A couple of years ago, I reviewed “Hawk,” Ken Harrelson’s 1969 autobiography after finding a copy at a used bookstore in Cooperstown. As one might expect from a book written by a 27-year-old athlete, it’s an exercise in hubris, and it’s doubtful Harrelson even read it.
Nearly 50 years later, Harrelson has another autobiography with the same name, but with a few key differences. The full title is “Hawk: I Did It My Way,” the co-writer is Jeff Snook, and this time he has a whole lot more of a life’s story to tell. Harrelson no longer needs separate chapters about Frank Howard’s eating habits or his dry-cleaning bill to fill out 244 pages. Instead, he carries 377 pages mostly by himself.
Regardless, the result is the same: If you have a desire to read it, you’ll find things to enjoy about it, especially if you can suspend your disbelief for a couple of evenings. If you’re Hawk-averse, it won’t make you warm up to him. In either event, this version should be much easier to find, as it’s published by Chicago-based Triumph Books.
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Thus concludes the two-sentence review. If you don’t care about spoilers continue reading…
* * *There is overlap with the 1969 book, in that the first 160 pages or so covers the same years of his life. Yes, there are still plenty of Hondo stories, but he also delves more into his one-parent upbringing and the numerous fistfights along the way, including one as a 9-year-old he still regrets.
He also covers his years playing winter ball in Venezuelan, although this chapter title (Hot Days and Wild Nights in Winter Ball) pales in comparison to the one in his first book (Caracas Capers).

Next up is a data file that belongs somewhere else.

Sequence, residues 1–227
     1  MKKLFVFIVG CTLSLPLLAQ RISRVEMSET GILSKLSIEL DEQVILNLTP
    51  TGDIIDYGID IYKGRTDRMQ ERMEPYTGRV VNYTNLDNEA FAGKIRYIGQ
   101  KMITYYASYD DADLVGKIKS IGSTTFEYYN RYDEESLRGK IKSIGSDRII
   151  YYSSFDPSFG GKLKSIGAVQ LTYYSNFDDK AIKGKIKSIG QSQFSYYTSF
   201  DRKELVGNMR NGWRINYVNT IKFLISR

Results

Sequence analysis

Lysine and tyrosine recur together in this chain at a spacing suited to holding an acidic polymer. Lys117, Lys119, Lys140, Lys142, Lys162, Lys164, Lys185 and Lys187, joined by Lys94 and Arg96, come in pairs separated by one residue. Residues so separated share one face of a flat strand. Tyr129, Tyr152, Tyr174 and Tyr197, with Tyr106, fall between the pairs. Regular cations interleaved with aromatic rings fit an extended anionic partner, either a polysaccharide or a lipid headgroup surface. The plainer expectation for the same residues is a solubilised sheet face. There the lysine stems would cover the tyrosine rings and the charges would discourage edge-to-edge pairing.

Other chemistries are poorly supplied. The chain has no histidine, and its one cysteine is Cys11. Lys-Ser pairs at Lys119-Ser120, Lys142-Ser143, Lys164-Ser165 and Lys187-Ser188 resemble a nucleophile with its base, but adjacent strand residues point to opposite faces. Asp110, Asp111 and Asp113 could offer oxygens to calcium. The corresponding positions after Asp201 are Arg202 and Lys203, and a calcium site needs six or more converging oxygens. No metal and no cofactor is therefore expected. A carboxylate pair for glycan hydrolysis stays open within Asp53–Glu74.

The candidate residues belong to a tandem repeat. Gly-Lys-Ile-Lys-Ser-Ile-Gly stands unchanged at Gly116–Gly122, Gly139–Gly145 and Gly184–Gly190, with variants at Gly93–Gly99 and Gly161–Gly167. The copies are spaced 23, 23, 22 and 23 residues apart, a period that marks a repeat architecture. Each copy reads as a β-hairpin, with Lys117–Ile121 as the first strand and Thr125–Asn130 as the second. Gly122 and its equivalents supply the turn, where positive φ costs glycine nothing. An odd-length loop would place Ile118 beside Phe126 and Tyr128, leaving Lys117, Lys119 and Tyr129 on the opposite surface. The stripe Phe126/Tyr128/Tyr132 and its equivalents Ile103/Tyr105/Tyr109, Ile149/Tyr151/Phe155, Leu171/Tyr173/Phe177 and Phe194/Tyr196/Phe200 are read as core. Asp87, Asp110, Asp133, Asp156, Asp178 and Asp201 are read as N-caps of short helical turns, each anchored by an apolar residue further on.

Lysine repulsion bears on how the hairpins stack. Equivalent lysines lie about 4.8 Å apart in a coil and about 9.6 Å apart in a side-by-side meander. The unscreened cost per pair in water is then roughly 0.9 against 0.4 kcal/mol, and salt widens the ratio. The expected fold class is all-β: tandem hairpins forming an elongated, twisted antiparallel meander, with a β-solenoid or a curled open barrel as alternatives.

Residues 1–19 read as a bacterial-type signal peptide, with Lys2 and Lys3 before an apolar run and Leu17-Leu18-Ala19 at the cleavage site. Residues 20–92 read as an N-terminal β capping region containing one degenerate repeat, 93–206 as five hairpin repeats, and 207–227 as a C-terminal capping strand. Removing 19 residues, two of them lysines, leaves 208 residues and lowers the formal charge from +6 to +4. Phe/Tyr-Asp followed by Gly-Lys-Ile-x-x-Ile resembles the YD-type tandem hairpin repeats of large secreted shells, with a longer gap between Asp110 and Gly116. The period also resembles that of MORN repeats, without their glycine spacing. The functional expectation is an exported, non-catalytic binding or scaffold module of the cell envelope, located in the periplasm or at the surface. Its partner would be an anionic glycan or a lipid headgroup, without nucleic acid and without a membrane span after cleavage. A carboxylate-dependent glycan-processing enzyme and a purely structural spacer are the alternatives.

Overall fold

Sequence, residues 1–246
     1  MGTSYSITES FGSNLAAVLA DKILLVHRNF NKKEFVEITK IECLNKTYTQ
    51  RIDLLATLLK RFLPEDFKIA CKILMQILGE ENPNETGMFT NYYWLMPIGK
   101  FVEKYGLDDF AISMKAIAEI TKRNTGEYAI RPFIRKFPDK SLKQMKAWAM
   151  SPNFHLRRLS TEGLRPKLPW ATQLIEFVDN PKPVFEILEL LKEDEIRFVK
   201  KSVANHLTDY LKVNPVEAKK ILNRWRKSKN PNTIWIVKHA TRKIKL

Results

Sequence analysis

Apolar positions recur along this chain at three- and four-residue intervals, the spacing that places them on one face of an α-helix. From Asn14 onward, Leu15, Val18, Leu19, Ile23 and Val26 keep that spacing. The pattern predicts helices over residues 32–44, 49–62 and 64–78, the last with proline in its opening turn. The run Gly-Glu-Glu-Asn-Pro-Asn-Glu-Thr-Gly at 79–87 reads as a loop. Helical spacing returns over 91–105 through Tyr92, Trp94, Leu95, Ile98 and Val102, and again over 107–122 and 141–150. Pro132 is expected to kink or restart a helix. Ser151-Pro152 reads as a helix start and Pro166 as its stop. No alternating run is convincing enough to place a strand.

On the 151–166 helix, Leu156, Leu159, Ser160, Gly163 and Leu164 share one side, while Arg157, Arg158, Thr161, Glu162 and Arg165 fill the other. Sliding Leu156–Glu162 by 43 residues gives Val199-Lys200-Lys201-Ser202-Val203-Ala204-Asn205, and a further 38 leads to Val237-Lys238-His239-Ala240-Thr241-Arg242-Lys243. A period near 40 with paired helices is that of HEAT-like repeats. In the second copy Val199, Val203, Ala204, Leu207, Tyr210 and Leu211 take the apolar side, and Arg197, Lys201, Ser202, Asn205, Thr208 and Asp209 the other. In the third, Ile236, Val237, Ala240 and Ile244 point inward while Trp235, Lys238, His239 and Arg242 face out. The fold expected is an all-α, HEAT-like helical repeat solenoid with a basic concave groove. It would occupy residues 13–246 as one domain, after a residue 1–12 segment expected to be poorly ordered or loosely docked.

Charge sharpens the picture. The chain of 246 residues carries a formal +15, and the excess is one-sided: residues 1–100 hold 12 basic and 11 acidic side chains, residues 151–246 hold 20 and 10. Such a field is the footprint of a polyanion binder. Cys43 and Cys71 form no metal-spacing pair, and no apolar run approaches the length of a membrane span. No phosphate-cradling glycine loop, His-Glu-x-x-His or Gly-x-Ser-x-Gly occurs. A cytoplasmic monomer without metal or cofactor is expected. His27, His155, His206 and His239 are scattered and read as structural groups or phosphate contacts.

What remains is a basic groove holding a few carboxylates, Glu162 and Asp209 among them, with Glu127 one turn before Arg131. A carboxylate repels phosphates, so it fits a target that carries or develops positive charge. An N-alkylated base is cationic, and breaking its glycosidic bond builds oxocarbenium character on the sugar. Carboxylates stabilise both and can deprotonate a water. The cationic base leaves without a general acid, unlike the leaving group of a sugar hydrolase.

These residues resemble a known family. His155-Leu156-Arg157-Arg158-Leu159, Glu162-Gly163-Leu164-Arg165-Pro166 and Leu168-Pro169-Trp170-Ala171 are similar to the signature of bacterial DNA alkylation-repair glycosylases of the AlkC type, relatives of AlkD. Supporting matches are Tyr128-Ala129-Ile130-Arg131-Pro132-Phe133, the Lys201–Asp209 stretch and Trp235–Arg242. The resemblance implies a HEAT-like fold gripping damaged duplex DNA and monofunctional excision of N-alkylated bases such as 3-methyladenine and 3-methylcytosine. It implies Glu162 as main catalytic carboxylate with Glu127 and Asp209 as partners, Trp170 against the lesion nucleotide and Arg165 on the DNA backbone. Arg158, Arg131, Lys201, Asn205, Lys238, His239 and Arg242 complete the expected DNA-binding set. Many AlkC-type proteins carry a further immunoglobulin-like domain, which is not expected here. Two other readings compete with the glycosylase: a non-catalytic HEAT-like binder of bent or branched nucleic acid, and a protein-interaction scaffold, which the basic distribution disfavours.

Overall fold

As his celebrity grows, sections of the book turn into a firebombing of name-drops, including some turns as Tragic Zelig in the late 1960s. The way he tells it, Robert F. Kennedy says Harrelson inspired his hairstyle, Rocky Marciano wanted to set up a fight between Harrelson and Sonny Liston. Both Kennedy and Marciano died not long after. Frank Sinatra makes a couple of notable appearances, along with John Wayne, Robert Mitchum and many, many, many, many, many, many, many others.
Some of these stories are entertaining and/or enlightening, and some of them are tedious. For the former, I’m glad Harrelson established his origin as a broadcaster, both for the Red Sox in the 1970s and the White Sox starting in the 1980s. The best chapter in the book is about his relationship with Don Drysdale, as it’s a pairing that I only know from YouTube clips, and he conveys Drysdale in a three-dimensional sense that makes it easy to understand Harrelson’s sky-high regard all these years after Drysdale’s death.
He also offers a spirited if incomplete defense of his one year as a general manager, ending with:
I believe I did a good job. I made some good trades, getting rid of some dead wood. I will go to my grave with my head held high.
As for the latter, there are two whole chapters devoted to golf. I can see one being warranted, because he quit baseball to try his hand at turning pro. It’s a big part of his story. Tom Weiskopf, Fuzzy Zoeller, Greg Norman, Tom Watson, Arnold Palmer, Jack Nicklaus and Ben Hogan all show up, not to mention all the celebrities in his groupings.
Golf or otherwise, the problem with accounts of Harrelson’s life – and this is at least the third one when including the MLB Network special – is that there’s never a second source that contextualizes Hawk, validating or contesting his stories. We always have to take him at his word, which would be easier if he didn’t undermine several of his own assertions in the book.
For instance, he laments the idea that teammates aren’t as close as they used to be, saying players need “15 or 20 limos, and they probably are headed in 15 or 20 different directions.” Ten pages later, he says, “Steve Stone has been my broadcast partner for more than nine seasons and I have never had lunch or dinner with him. And anybody who knows me knows I don’t even eat breakfast.”
He goes out of his way to take swipes at Barack Obama and Hillary Clinton (the latter is a total non sequitur attributed to an unnamed Air Force One employee). He also adds that Mike Ditka “would have grabbed [Colin Kaepernick] and made him stand at attention.” It’s his book and he can sling mud if he wants to, but he then later bemoans “how divided our country is these days.”